Happy Moltmann Monday! Today I’m posting some of Moltmann’s thoughts on communion, per request from the PostBarthian. There’s so much here, so I’ll follow up next week with more. For now, I’m starting at the beginning of a long section on the Lord’s Supper in Church in the Power of the Spirit, primarily grabbing from the first two sections:
Just as baptism is the eschatological sign of starting out, valid once and for all, so the regular and constant fellowship at the table of the Lord is the eschatological sign of being on the way. If baptism is called the unique sign of grace, then the Lord’s supper must be understood as the repeatable sign of hope…Baptism and the Lord’s Supper are the signs of the church’s life, because they are the signs of the one who is their life.
Ok- let me stop there first, because there is a plethora of good stuff in those sentences. And because a good number of churches remembered the baptism of Jesus yesterday in the lectionary, mine included. What do these two sacraments mean? What do they have to do with one another? How do they differ? Moltmann gives such lovely categorization. Baptism is a sign of something new, an adventure of faith that is just beginning. The Lord’s Supper is a signpost along the way. Baptism is a backpack and the Lord’s Supper is sandwiches and power bars and water that keep you going. Baptism is the starting line, the Lord’s Supper is the mile marker. To put more theological language around it, baptism is grace. It is being awash in the love of God and responding to the wonder of being God’s beloved. Our pastor Kayla put it so well last night- baptism is God’s way of saying that God is with us, and that God finds happiness in us. What grace. The Lord’s Supper, then, is a sign of hope. It is repeatable, and must be repeated often, so that the fires of our hope grow bright and keep us walking on the way.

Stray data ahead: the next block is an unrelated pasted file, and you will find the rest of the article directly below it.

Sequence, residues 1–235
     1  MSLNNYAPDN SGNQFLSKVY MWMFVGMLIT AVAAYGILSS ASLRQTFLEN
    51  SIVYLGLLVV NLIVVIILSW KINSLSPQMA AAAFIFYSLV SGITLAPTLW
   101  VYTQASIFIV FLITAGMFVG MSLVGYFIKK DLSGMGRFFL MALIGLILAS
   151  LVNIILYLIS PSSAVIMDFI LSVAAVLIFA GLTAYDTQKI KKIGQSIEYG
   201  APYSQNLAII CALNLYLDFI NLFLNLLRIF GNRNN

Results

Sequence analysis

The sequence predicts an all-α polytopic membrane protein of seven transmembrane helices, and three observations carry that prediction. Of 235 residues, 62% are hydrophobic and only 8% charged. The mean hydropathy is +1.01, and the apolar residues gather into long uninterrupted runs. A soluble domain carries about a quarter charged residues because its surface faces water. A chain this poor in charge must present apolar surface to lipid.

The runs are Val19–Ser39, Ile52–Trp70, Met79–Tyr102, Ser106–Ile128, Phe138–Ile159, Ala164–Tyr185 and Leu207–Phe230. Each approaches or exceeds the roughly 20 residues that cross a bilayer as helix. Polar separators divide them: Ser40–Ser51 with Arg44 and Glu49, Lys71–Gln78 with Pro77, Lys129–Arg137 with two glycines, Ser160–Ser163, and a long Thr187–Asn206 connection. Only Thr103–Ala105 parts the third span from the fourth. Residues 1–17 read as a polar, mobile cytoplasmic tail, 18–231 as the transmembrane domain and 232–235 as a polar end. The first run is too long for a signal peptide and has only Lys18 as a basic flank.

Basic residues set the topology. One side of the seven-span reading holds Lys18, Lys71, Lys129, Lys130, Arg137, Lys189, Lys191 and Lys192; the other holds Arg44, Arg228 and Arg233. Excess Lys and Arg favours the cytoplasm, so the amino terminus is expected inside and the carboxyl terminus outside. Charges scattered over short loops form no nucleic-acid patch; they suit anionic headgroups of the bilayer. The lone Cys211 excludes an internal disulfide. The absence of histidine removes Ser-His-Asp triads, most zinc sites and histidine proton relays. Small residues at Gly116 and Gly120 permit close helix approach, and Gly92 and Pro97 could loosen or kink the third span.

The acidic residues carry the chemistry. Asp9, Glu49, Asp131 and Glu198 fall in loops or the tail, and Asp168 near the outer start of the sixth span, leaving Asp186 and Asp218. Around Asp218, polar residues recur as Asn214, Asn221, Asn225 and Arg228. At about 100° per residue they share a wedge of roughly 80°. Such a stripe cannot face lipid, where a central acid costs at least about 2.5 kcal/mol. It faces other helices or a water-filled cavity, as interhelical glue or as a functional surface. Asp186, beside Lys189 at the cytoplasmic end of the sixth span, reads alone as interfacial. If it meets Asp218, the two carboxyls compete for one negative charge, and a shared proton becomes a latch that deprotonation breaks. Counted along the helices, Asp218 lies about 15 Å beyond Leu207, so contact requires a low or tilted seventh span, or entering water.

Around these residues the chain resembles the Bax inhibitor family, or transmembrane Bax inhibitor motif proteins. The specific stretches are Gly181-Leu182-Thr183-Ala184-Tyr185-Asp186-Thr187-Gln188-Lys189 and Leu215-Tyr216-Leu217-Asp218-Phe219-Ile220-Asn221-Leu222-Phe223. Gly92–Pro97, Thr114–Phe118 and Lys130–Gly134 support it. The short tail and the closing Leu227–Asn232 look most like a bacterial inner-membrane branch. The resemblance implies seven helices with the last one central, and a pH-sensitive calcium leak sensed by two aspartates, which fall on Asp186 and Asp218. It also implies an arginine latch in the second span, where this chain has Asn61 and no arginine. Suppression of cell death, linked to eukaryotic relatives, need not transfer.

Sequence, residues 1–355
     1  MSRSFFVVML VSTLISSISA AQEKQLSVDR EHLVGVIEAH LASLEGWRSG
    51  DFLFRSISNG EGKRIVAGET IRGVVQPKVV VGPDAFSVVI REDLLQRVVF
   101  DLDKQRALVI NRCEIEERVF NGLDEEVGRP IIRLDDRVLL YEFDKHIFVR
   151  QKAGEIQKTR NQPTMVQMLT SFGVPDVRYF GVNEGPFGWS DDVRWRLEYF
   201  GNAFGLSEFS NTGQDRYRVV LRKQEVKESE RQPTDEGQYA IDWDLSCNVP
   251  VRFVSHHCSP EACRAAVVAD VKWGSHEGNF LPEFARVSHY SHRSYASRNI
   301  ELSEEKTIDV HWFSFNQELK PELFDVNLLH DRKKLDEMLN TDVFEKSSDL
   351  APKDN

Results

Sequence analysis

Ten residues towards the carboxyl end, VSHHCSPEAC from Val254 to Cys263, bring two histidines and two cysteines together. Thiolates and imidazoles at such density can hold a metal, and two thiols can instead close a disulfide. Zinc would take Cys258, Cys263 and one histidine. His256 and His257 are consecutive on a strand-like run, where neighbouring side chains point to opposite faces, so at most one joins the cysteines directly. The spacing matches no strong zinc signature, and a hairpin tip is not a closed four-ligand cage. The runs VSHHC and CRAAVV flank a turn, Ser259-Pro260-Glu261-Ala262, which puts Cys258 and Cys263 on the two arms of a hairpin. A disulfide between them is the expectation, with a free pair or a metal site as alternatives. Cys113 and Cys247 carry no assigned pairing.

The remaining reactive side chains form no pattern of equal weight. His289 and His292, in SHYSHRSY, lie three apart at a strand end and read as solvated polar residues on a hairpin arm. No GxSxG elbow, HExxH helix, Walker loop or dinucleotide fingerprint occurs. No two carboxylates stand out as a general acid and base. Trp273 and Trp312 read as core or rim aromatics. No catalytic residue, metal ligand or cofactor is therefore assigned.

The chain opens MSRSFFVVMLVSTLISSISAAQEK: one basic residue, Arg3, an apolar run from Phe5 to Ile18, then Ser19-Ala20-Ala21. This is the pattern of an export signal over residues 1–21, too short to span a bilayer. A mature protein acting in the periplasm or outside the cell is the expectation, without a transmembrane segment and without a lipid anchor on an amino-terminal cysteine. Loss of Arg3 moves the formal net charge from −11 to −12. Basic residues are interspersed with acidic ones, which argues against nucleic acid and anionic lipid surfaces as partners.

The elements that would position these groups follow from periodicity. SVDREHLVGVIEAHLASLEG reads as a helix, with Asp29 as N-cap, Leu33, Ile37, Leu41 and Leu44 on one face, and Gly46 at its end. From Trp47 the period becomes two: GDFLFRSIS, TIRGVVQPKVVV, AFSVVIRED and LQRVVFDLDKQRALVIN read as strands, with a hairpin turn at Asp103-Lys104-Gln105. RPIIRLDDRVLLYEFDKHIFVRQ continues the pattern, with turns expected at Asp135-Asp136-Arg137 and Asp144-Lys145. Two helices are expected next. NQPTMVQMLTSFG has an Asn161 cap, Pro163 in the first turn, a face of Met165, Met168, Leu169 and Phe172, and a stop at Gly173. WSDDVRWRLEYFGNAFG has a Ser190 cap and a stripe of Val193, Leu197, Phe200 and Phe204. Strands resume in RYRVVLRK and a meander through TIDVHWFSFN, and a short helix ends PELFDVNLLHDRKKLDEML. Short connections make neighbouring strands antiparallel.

Now, onto the next section:
The doctrine of the Lord’s Supper is the theological theory behind a particular practice. But the Lord’s supper is not the practice of a theological theory. Communion with Christ in his supper is obeying Christ’s own invitation, not a christological dogma. For it is the Lord’s supper, not the other way round…If a church were to limit the openness of his invitation of its own accord, it would be turning the Lord’s supper into the church’s supper and putting its own fellowship at the center, not fellowship with him…The theological doctrine of the Lord’s supper must consequently not be allowed to exercise any controversial theological function through which Christians are separated from Christians…Just as the Lord’s supper is a sign of fellowship and not of division, so the corresponding theology will have to present what is in common and not what divides.
YES. And not only is the Table an open invitation, but who can serve it? Moltmann says:
Everyone whom (Jesus) calls and who follows his call has the authority to break the bread and dispense the wine.
The Table is a sign of hope, a sign of fellowship and not division. That should shine through in how we practice it, right?
More next week!